Department of Agriculture, the Food and Drug Administration and the Centers for Disease Control. Most of the additional funds will be used to (a) implement HACCP programs in smaller meat and poultry processing facilities, (b) increase the number of FDA inspections at plants packaging high-risk foods, and (c) build new labs to track outbreaks of food-related illnesses. Other food safety initiatives being promoted by the administration include expanded research into effective means of preventing contamination, an important function of food packaging. While applauding the increase in funding for food safety, the food industry reiterated its hope that resources be devoted to science-based programs targeting "real risks" and that education be a key component. Food packaging labels have long been regarded as an effective, direct means of providing consumers with needed information. The food industry also urged the administration not to include user fees as part of the funding mechanism.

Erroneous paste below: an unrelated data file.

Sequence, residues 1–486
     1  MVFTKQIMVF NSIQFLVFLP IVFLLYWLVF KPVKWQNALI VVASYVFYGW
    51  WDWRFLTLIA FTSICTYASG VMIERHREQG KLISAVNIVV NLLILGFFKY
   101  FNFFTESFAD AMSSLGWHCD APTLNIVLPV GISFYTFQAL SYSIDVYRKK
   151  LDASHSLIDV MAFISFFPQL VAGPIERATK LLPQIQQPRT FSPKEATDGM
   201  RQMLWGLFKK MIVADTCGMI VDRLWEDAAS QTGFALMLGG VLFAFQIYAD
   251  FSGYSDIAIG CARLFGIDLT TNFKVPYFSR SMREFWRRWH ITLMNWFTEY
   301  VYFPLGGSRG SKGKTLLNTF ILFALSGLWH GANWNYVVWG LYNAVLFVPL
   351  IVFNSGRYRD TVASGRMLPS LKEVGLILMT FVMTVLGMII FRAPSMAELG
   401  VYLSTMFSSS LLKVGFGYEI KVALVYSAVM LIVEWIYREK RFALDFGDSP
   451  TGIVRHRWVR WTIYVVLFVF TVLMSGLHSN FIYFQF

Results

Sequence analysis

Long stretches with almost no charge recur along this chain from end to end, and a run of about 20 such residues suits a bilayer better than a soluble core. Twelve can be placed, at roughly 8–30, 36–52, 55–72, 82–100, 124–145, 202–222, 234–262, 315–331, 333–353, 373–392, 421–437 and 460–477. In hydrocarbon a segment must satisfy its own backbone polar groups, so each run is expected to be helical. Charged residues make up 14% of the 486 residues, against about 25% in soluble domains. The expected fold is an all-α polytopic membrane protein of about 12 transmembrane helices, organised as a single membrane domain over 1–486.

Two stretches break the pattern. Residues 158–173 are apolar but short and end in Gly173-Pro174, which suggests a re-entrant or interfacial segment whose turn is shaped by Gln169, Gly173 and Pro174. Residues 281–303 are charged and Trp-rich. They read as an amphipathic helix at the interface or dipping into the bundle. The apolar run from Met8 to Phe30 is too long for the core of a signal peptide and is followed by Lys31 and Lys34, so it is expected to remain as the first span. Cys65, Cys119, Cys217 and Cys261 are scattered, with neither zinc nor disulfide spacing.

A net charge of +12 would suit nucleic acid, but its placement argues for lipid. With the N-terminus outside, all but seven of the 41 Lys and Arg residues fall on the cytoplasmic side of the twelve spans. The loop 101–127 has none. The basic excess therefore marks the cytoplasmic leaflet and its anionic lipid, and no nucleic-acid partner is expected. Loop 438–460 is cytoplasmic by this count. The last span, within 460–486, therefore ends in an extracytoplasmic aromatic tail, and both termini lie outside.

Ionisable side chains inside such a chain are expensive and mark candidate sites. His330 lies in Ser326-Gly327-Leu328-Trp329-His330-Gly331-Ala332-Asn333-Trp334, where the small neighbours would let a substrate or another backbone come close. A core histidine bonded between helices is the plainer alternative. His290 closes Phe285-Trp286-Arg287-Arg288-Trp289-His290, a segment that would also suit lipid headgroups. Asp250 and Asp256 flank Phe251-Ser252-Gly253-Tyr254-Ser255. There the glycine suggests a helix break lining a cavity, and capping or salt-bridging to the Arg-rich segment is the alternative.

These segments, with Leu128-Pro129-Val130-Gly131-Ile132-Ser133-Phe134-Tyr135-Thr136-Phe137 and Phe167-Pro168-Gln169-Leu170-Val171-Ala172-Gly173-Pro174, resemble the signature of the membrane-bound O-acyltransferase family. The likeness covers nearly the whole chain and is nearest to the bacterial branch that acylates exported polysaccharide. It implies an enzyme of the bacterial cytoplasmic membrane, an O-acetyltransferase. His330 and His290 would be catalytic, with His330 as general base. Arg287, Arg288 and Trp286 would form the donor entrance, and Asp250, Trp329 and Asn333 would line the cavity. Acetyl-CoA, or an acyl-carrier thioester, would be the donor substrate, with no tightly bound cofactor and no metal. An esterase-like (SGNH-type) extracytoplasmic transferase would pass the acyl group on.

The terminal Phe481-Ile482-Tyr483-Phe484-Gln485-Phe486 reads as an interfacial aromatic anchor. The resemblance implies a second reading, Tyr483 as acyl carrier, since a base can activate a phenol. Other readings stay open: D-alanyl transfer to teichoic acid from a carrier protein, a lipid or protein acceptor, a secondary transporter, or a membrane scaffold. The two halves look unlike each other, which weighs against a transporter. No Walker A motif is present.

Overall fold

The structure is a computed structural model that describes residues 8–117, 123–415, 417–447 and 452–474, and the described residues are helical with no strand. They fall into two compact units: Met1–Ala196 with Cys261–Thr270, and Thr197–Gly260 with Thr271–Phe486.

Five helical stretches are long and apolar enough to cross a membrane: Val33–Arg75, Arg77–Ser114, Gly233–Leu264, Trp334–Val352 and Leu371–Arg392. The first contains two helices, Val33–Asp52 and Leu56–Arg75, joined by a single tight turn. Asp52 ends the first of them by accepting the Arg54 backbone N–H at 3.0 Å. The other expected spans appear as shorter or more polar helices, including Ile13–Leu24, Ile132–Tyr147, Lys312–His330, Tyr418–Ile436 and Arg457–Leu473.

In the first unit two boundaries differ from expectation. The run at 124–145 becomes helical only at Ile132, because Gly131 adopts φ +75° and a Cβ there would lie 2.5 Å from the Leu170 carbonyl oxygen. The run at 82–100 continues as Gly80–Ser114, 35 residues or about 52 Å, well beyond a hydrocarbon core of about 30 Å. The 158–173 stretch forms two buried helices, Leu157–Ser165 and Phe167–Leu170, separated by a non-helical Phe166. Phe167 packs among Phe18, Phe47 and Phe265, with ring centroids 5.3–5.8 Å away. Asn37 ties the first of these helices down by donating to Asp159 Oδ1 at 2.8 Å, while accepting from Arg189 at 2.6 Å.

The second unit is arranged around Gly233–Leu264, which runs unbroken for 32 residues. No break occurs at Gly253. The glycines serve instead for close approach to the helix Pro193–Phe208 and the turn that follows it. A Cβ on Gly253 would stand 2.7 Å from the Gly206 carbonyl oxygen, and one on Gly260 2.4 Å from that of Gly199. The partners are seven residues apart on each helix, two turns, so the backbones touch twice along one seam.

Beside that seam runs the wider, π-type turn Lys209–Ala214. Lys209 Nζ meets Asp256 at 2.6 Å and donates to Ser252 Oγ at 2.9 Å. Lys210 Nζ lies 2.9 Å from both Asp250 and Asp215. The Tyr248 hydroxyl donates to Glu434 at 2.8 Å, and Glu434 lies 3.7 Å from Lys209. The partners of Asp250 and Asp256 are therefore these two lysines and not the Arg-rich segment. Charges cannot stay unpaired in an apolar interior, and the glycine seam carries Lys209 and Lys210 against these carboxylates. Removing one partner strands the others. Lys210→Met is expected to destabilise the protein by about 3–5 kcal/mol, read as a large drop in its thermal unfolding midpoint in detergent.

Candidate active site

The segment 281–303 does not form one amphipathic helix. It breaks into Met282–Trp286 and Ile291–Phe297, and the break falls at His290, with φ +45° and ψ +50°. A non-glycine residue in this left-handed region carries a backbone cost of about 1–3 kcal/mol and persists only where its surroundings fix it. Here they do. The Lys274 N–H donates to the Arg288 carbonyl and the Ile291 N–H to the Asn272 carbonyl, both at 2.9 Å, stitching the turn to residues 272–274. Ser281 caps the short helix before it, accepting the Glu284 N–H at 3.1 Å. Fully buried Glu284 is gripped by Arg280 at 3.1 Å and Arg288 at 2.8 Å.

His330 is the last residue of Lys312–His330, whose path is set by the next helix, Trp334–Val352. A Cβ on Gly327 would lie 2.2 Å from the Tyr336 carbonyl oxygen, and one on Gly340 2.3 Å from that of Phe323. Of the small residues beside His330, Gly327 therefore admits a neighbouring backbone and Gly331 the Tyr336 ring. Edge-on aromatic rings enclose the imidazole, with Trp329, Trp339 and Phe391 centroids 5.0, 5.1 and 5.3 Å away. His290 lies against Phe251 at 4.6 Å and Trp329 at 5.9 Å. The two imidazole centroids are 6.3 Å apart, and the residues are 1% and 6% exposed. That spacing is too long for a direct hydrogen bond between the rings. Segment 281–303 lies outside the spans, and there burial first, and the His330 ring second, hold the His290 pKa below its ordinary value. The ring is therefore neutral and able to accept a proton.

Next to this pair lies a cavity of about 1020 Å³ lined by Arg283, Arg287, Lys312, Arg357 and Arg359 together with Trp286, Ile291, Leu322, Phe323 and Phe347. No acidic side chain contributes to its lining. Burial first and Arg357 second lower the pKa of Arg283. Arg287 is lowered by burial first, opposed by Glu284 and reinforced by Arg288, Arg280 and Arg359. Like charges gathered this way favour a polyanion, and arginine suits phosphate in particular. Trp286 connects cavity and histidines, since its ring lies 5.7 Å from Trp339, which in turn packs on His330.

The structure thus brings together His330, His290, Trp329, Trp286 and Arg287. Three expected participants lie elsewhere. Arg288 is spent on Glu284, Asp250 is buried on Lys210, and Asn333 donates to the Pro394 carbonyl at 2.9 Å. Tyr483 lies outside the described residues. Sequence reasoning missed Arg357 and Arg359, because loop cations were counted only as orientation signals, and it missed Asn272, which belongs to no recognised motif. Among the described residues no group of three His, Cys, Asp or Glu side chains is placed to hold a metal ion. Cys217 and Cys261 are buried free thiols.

More food safety
Recognizing an issue that resonates with the public, the Clinton Administration continues to give high priority to food safety. The Administation's FY2000 budget contains a 12% increase for food safety initiatives, with approximately $105 million more divided among U.S.